Offences of Assault
What makes out an assault?
- There are three circumstances that can form the basis of all assault-related offences: When a person intentionally applies force to another person without his or her consent
- When a person attempts or threatens, through his actions to apply force to another person and either carries out that threat or causes the other person to believe that he has the ability to carry out that threat at that time.
- When a person openly carrying a weapon or an imitation weapon confronts or blocks another person or begs.
When is there valid consent?
In an assault charge the victim of an alleged offence is called the complainant. Consent from a complainant to be touched by the accused is not valid if permission was given while force is being applied, while under threat of the application of force to himself or another person, when given in fraudulent circumstances, or if force is being applied under the exercise of authority.
Consent is not valid if it wasn’t given freely by the complainant, who is aware of all the risks of the force to be applied. For this reason, sports participants are not being assaulted if they are injured within the normal course of a game. But, injuries purposefully inflicted and intended to cause harm that are not a normal part of a sport may be considered an assault. In the course of a consensual fight, where both parties agree to participate, consent is valid, unless bodily harm is intentionally applied causing a serious hurt or non-trivial injury.
Assault s. 266 CCC
Section 266 is an offence for the simplest for of assault. A requirement of assault is that the person applying force intended to do so. As a result, accidentally bumping into someone will not make out an assault. However, intentional touching even as minor as touching someone’s arm without his consent is an assault. As mentioned above, an assault can be made out by threatening another person to apply force to them and having the ability to act on those threats at the time.
S. 266 is a hybrid offence, meaning that the Crown prosecutor has the ability to proceed by summary or by indictment. If summary is elected the maximum penalty on conviction is a fine of no more than $5000, a term of prison of no more than 6 months or both. If indictment is elected the maximum penalty for conviction is imprisonment of no more than 5 years. Sentencing for conviction of assault can include one of the following: a conditional or absolute discharge; a suspended sentence; a fine; a combination of fine and probation; a term of imprisonment; a combination of prison and probation; prison and a fine; an intermittent sentence; a fine, probation and intermittent sentence, or a conditional sentence order. A person receiving a conviction may also be subject to a weapon prohibition, a weapons forfeiture order, and may have to pay a victim fine surcharge.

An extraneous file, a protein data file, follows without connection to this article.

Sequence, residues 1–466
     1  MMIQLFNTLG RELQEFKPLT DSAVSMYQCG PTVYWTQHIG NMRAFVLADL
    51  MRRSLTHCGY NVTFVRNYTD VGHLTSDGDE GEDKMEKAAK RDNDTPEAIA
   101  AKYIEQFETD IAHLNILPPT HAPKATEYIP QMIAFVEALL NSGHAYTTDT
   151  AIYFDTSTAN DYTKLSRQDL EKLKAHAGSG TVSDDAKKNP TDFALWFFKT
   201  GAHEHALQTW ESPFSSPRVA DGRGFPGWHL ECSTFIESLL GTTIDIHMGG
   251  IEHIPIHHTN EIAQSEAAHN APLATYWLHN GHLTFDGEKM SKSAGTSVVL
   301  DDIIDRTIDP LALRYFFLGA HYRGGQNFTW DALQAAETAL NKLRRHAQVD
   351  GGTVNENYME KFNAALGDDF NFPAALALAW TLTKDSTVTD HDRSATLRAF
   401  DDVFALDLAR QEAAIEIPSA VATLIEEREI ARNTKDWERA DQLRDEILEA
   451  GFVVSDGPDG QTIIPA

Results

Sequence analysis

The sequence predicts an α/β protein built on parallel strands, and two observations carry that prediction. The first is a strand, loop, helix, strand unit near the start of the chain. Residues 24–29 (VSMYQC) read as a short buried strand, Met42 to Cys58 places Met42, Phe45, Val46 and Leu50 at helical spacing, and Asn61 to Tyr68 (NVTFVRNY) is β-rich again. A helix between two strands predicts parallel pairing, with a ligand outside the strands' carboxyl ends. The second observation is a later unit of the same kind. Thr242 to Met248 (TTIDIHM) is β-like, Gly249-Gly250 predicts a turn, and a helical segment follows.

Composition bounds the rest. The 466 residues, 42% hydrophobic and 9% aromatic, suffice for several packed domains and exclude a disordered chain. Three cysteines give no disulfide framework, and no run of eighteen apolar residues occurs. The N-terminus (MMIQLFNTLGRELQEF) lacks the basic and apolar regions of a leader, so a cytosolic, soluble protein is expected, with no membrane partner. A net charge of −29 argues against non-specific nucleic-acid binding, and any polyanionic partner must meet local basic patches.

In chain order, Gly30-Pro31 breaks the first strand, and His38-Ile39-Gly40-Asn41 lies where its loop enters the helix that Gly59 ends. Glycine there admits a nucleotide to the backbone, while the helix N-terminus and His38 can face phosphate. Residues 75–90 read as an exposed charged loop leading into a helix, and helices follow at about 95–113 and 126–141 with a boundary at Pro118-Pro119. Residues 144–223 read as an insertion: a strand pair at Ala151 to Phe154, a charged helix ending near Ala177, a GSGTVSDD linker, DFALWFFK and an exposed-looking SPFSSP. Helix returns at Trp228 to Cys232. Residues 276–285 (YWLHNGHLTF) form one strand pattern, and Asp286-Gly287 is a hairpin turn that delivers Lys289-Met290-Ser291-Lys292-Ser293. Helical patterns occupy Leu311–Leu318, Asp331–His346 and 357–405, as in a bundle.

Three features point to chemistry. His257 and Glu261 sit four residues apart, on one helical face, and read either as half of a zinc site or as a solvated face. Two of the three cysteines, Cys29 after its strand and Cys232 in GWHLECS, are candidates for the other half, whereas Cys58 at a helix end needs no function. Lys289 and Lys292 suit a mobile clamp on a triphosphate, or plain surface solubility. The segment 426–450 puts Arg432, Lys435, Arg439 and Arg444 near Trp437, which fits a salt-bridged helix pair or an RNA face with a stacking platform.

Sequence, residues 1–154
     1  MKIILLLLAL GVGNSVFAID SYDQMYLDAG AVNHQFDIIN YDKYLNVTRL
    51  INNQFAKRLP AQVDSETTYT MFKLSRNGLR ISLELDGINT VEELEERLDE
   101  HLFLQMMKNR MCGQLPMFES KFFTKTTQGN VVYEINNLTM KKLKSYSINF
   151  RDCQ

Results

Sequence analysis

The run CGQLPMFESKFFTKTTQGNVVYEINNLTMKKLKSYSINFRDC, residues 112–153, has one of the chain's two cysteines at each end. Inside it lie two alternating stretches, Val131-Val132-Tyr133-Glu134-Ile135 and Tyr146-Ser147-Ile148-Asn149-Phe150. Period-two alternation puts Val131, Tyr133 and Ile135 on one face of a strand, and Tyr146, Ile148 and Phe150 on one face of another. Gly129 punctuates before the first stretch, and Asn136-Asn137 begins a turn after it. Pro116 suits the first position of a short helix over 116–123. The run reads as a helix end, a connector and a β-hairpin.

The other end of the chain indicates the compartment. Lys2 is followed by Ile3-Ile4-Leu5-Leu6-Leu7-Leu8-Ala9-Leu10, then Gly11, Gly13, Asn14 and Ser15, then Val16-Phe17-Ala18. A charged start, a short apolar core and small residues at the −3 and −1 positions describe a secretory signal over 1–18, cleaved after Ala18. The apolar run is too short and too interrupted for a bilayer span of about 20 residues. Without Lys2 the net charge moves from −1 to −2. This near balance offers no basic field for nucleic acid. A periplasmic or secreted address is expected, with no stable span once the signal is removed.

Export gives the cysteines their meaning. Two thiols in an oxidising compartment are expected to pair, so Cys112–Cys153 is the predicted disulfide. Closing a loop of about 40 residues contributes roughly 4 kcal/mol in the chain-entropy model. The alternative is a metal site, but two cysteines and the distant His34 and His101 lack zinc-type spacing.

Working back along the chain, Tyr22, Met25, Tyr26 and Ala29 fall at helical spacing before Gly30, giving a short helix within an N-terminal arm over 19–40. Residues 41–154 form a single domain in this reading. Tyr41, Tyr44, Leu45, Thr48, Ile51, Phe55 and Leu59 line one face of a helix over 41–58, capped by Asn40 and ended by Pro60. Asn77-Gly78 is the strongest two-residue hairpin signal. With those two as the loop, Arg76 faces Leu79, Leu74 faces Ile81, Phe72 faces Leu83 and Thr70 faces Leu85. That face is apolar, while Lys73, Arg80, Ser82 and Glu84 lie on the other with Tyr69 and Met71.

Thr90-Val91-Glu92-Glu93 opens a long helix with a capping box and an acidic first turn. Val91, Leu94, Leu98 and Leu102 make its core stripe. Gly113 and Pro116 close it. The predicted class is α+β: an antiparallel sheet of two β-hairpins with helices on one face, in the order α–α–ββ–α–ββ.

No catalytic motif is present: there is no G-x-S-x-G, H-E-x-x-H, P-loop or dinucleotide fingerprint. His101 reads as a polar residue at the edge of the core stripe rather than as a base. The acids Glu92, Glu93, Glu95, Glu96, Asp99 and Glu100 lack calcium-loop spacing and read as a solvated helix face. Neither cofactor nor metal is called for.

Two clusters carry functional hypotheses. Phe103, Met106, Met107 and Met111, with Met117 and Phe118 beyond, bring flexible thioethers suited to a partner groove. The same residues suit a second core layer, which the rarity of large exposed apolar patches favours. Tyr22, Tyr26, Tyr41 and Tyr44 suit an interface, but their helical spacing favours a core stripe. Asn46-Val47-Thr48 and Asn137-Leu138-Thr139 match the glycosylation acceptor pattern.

Some assault charges can be resolved by other means such as participation in the Alternative Measures Program (AMP) or through a common-law Peace Bond. First-time offenders charged with relatively minor assaults may be approved to participate in AMP by making a donation to a charity or completing some community service hours. If AMP is successfully completed the charges will be withdrawn and will not result in a criminal record.
A common-law Peace Bond under s. 810 CCC allows the accused to enter into a recognizance (an undertaking with the court) to keep the peace and be of good behaviour for a period of no more than 12 months. Upon entering the Peace Bond the charges are withdrawn. However, if the accused breaches the Peace Bond, he will face new criminal charges for breaching a court order.
Assault with a Weapon or Assault Causing Bodily Harm s. 267*
A person can be charged under s. 267 CCC if it is alleged that while committing an assault, the accused used a weapon or imitation weapon or caused bodily harm to the complainant.